Dialogue is there for tension and power-play, for emotion and revelation, for plot and character. It has to sound realistic but not be dull or longwinded. It has to convey information that moves the book forward, but not come across like a memo in capital letters from the author (Oh how I struggle with that!). It has to be dynamic and surprising, yet flow seamlessly. It has to be hot and horny and hit the sexual trigger buttons for readers, but at the same time not clichéd and risible.

Jeez. I wonder sometimes how I dare even try.

Monday, 11 July 2011

Eyecandy Monday

Today's eyecandy comes to you courtesy of my boob-envy. After the public reading last weekend, I spent Sunday lunchtime sat carelessly out on a sunny patio, in a fairly low-cut top, without wearing any sunblock (okay, the fact that we had nothing but alcohol for lunch may have contributed to my recklessness).

Now my cleavage has Comedy Sunburn: scarlet on top, white below.
Serves me right.

Sunday, 10 July 2011

Poppy power!

I've had to dodge out between thunderstorms to get any gardening done this week...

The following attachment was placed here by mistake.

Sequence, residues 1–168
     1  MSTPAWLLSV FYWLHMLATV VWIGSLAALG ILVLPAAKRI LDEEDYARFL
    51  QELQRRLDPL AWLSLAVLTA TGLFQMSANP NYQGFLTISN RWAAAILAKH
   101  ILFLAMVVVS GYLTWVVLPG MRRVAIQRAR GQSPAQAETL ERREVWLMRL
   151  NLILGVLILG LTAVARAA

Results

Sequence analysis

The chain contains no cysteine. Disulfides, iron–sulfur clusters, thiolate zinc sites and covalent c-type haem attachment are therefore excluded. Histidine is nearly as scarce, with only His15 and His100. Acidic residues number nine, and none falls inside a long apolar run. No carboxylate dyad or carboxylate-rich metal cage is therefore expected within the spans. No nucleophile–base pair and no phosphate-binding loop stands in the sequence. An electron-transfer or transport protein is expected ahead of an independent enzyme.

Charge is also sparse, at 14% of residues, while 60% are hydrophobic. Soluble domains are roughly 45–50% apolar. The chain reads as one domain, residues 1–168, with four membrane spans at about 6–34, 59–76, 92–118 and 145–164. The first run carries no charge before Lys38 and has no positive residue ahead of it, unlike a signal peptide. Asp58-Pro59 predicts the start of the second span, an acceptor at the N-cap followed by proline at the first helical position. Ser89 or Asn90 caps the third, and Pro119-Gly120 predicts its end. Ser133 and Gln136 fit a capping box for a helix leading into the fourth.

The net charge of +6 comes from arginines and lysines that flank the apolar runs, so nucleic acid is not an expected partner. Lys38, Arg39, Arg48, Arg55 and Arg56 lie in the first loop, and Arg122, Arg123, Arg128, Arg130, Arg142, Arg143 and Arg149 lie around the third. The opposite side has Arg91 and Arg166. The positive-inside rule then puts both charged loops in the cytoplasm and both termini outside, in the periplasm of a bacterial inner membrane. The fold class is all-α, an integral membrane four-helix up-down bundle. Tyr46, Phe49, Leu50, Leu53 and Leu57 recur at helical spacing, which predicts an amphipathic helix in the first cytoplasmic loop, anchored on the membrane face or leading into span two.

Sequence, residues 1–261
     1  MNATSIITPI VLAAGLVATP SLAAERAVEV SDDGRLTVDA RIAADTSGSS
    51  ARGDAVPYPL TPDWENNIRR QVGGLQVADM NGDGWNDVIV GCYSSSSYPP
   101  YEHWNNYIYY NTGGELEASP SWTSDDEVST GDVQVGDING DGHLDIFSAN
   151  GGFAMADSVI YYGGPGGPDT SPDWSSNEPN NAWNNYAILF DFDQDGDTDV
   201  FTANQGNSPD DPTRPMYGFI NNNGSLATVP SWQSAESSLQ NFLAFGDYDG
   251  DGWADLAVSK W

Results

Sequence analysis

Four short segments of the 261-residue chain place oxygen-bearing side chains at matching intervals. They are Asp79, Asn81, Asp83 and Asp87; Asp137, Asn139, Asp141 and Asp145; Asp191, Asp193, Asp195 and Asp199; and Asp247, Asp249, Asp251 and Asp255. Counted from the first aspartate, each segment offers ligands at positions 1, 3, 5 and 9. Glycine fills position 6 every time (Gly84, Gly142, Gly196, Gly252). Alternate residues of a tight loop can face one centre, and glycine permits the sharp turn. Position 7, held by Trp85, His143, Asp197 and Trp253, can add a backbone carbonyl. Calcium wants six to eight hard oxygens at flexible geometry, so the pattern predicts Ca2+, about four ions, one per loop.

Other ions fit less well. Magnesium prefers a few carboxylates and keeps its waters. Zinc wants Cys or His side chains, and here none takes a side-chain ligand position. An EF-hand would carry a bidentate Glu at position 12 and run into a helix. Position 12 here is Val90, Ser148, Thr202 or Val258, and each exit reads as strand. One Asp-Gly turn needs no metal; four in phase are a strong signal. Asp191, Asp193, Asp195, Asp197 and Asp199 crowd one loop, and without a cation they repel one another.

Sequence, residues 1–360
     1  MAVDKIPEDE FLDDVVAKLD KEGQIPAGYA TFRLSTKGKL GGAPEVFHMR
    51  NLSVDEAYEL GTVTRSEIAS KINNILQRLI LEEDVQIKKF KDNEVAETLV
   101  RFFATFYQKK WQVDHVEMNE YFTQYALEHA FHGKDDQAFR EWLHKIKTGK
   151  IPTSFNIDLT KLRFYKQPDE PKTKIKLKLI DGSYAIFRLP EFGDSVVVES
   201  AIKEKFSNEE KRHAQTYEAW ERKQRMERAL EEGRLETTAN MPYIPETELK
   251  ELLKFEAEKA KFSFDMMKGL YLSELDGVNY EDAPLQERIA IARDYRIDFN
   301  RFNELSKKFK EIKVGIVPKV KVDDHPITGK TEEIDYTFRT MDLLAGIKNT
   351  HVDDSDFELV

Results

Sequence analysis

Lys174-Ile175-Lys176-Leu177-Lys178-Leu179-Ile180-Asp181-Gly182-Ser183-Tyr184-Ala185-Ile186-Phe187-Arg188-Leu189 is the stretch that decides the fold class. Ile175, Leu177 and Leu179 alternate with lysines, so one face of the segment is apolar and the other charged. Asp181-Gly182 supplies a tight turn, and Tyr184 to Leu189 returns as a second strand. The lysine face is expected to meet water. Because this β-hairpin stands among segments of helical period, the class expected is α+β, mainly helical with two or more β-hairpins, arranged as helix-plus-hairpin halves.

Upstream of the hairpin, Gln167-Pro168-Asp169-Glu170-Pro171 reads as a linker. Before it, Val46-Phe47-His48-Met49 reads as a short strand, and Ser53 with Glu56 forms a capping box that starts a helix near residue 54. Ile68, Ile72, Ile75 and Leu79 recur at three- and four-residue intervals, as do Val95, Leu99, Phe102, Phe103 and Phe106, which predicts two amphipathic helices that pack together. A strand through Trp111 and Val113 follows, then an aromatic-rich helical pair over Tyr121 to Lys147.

Look - poppies! It's the first year I've grown any and I've totally fallen in love with them. They are silky, and so bright it's like a party in my brain just looking at them, and just glorious. I want poppies everywhere!

And pansies too!
Aren't they a wonderful colour?

We've had some very strange weather this year. Winter arrived with prolonged snow (extraordinary, here) in November (WTF?!)  - and then summer started in March. It didn't rain at all until June and every tree came into flower and fruit about a month early. Now we have rapidly alternating downpours and brilliant sun, which I love, frankly, but it does make planning awkward.

My poor cinnamon-barked myrtle was killed by the snow :-(

But look - it's sprouting again from the roots! *happy dance*

And this is my back garden that was so wrecked by the builders last year, come back to life:

I'm very proud. It may be wobbly but it's all my own work :-)

Friday, 8 July 2011

This is going out...

... to everyone heading off to the Sonisphere festival this weekend. Without me :-(
I hope Biffy Clyro are great!

This is the (unembeddable)  really sweaty version of the song though. Yum :-)

Wednesday, 6 July 2011


Heh. After my post on the death of Orpheus last week, Danielle said he prefered to see more of the Maenads who killed him. 

 Arthur Wardle (1864-1949): The Bacchante